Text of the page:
Produced by a handful of reporters working out of an upstairs room in a Chicago brownstone, the "Yellow Sheet" has had a strange hold on the industry for many years. Most people in the business consider it the bible of meat pricing. But an investigator testified in 1978 before the House Committee on Small Business that "80 percent of the prices quoted each day were in effect fabricated by the 'Yellow Sheet' reporters."

If consumers have an ally, it is the cattlemen who are getting ripped off, too. Right now a thousand ranchers have joined in a lawsuit down in Dallas that just could blow the price-fixing evil into the open.

But why do we have to depend on long, costly, private lawsuits for protection? We spend billions of dollars on USDA bureaucrats. Why don't they help us? Because, Swanson and Schultz point out, the department is geared to the industry's cash register. The case histories they give would indicate that honest officials have career problems. One, who did a report highly critical of the industry's antiquated pricing system and urged that it be updated with electronics, was reprimanded, they say, and virtually driven out of office.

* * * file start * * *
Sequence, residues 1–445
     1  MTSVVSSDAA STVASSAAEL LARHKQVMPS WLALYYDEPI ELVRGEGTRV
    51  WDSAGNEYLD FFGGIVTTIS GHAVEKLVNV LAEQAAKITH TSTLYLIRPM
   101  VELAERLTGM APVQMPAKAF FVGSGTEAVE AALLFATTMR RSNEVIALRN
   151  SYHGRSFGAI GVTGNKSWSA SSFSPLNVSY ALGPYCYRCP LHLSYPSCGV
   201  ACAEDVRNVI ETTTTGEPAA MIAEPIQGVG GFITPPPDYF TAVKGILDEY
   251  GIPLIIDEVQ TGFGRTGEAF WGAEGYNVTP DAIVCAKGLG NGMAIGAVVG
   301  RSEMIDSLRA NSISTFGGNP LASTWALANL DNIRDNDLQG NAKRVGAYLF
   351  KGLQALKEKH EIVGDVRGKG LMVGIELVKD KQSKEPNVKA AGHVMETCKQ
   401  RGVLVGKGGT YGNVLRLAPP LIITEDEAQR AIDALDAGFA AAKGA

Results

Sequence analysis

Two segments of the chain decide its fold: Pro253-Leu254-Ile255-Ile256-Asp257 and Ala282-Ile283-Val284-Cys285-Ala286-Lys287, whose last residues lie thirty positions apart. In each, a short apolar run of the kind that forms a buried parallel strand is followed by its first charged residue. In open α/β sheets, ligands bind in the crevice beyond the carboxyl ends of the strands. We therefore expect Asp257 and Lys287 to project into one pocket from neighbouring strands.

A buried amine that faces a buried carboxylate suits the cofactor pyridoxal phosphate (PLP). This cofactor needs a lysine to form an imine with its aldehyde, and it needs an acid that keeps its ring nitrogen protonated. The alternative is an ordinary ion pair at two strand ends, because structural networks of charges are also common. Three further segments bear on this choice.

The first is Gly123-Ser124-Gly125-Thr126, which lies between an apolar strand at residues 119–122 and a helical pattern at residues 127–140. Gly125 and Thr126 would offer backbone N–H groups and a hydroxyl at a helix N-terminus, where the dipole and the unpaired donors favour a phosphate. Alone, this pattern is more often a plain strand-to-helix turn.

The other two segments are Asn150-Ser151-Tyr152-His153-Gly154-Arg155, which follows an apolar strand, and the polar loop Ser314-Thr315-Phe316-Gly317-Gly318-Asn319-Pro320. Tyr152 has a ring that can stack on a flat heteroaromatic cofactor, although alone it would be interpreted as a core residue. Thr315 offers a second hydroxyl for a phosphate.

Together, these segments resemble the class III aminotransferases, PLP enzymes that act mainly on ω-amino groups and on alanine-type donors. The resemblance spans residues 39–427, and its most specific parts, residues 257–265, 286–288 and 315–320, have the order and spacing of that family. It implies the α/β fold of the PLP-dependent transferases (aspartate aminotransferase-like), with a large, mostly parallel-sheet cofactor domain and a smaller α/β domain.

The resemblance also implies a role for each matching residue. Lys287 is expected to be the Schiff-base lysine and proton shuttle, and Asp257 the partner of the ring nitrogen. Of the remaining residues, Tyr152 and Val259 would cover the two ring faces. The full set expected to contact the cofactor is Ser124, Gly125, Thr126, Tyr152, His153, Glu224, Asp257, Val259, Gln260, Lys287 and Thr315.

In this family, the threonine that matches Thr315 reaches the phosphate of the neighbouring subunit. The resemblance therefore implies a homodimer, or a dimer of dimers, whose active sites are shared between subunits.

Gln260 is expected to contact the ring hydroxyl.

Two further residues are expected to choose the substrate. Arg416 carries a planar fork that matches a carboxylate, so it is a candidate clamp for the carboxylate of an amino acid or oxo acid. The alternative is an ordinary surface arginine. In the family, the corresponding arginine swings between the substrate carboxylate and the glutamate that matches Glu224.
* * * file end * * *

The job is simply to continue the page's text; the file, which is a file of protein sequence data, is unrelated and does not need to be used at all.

The old revolving door problem is nowhere more prevalent than at the USDA. Charles Jennings used to be head of the USDA's Packers and Stockyard Administration, which has the responsibility of keeping the packers honest. Whether he did his job well or not is a matter of opinion, but after completing his federal tour, Jennings moved on to become vice president for public relations at the world's largest packer, Iowa Beef Processors Inc.

Things aren't likely to improve soon. Richard Lyng used to be president of the American Meat Institute. In that role he suggested that efforts to keep powdered bone and nitrites out of meat were fanatical. Now Lyng is the No. 2 man at USDA.

One must give Prentice-Hall a three-hanky salute for risking money on a book of this sort during the current national lethargy. Prime Rip would have been received as a big gun in the Nader era. But where are the consumer advocates of yesteryear? I hope I'm wrong, but I'll bet Prime Rip arouses more nostalgia than anger.